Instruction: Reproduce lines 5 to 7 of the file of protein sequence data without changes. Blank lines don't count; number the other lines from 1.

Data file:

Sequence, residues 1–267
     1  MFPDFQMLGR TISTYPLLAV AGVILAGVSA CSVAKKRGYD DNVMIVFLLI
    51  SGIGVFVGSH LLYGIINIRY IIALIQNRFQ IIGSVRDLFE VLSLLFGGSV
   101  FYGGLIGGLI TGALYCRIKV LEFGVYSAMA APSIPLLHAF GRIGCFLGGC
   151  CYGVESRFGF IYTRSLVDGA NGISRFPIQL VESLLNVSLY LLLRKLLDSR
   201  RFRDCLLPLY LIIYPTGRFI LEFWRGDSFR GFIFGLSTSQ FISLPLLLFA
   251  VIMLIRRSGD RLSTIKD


   151  CYGVESRFGF IYTRSLVDGA NGISRFPIQL VESLLNVSLY LLLRKLLDSR
   201  RFRDCLLPLY LIIYPTGRFI LEFWRGDSFR GFIFGLSTSQ FISLPLLLFA
   251  VIMLIRRSGD RLSTIKD